The lessor has the right not to allow living with an animal if its owner refuses to provide an ESA letter or provides a forged document.

Remember that misrepresenting ESA to receive legal bonuses is a serious offense punishable by law.

Furthermore, by the Federal Housing Administration (FHA), the landlord has the right to refuse the accommodation of an animal if it becomes an administrative burden for him and may lead to a change in the type of services provided.

In addition, the landlord may not allow an animal that behaves aggressively and may threaten the rental property and other residents.

This includes manifestations of unacceptable behavior such as growling, barking, or biting others, as well as the unkempt appearance of the animal.

The animal must be groomed and vaccinated in time so as not to become a carrier of diseases and parasites that can be dangerous for humans.

Also, don't forget to update the ESA letter every year and provide the documents to the landlord on time.

In any case, the lessor must provide a clear justification of the reasons for refusal, and support it with relevant facts and evidence.

Otherwise, the lessor's actions will be discriminatory. If you think that your rights have been violated, you can contact the relevant authorities and file a complaint about the landlord's actions.

Last Words

It is possible to rent an apartment with an Emotional Support Animal free of pet fees but there are responsibilities that go along with these rights.  

You must obtain a letter from a qualified mental health professional stating your diagnosis and that the dog or other animal may contribute to your care.  This letter needs to be completed yearly.

It is also your responsibility to be a good dog parent, providing appropriate veterinary care and grooming and taking the time to train your dog so that he would not be a nuisance to other rentals.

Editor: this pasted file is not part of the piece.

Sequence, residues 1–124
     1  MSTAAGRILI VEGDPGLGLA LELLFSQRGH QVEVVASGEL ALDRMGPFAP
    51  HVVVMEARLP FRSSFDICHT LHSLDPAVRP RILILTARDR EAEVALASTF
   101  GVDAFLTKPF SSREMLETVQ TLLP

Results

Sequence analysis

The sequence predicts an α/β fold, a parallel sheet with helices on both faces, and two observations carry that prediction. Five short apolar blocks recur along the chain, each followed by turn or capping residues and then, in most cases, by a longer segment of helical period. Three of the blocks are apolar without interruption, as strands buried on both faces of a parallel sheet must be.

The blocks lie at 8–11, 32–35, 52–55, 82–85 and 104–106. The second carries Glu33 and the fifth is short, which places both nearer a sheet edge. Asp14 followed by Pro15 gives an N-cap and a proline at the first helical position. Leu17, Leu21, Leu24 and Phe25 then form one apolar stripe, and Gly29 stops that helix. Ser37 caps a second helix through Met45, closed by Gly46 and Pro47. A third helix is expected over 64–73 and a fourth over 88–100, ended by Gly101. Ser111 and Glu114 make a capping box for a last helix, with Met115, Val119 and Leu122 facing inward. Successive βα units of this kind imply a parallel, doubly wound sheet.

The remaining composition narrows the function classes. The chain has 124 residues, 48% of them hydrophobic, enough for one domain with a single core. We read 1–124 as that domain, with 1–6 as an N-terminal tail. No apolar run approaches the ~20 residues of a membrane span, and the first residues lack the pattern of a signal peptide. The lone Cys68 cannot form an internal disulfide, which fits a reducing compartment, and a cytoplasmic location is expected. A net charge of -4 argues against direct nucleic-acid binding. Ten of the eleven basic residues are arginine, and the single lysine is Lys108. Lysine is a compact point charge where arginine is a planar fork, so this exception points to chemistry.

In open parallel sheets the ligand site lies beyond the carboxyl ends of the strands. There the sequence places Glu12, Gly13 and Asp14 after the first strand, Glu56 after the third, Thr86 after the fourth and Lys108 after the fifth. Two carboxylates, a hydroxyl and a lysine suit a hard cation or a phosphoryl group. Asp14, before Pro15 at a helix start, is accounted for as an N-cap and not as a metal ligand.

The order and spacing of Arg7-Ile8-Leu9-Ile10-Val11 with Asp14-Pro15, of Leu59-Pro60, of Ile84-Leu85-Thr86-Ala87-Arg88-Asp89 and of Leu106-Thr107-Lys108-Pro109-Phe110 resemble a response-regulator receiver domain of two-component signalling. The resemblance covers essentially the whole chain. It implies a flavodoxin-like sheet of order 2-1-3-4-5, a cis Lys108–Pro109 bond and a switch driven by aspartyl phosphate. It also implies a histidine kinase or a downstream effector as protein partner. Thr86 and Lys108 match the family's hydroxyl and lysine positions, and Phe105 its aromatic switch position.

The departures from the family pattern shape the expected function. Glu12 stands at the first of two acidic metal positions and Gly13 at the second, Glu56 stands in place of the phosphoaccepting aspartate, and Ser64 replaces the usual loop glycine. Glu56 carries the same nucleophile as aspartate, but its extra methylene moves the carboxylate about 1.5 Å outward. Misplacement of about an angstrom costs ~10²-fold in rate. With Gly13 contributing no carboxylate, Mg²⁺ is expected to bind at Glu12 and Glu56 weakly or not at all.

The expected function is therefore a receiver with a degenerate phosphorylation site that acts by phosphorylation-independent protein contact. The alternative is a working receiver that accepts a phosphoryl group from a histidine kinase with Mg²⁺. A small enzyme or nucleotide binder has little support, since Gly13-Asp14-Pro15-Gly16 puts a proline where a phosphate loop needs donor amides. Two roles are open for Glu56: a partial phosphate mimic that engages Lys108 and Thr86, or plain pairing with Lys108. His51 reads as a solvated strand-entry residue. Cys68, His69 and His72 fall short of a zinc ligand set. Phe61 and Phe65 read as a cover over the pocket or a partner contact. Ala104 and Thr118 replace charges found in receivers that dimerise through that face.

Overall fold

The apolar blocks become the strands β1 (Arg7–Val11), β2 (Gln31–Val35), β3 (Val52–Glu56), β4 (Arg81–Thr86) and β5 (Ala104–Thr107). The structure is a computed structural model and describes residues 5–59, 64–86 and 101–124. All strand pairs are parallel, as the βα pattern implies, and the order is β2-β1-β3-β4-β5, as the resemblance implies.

Beyond that, you may enjoy better health and emotional support that will improve your well-being.

Complete Renter's Guide to Emotional Support Animals
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A woman is holding her emotional support small dog

Author of The Complete Renter's Guide to Emotional Support Animals

Daniel Butler
Licensed Service Dog trainer
MyServiceAnimal co-owner and customer support member

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About Janice (author and voice behind this site)

Having lived with dogs and cats most of her life, Janice served as a veterinary technician for ten years in Maryland and twelve years as a Shih Tzu dog breeder in Ohio.

Her education includes undergraduate degrees in Psychology with a minor in biology, Early Childhood Education, and Nursing, and a master's in Mental Health Counseling.

She is a lifelong learner, a dog lover, and passionate about the welfare of animals. Her favorite breed for over 50 years has been the Shih Tzu, but she has also lived with Poodles, Maltese, Yorkshire Terriers, Beagles, English Bulldogs, Carin Terriers, and a Cocker Spaniel.

When not writing, reading, and researching dog-related topics, she likes to spend time with her eight Shih Tzu dogs, husband, and family, as well as knitting and crocheting. She is also the voice behind Miracle Shih Tzu and Smart-Knit-Crocheting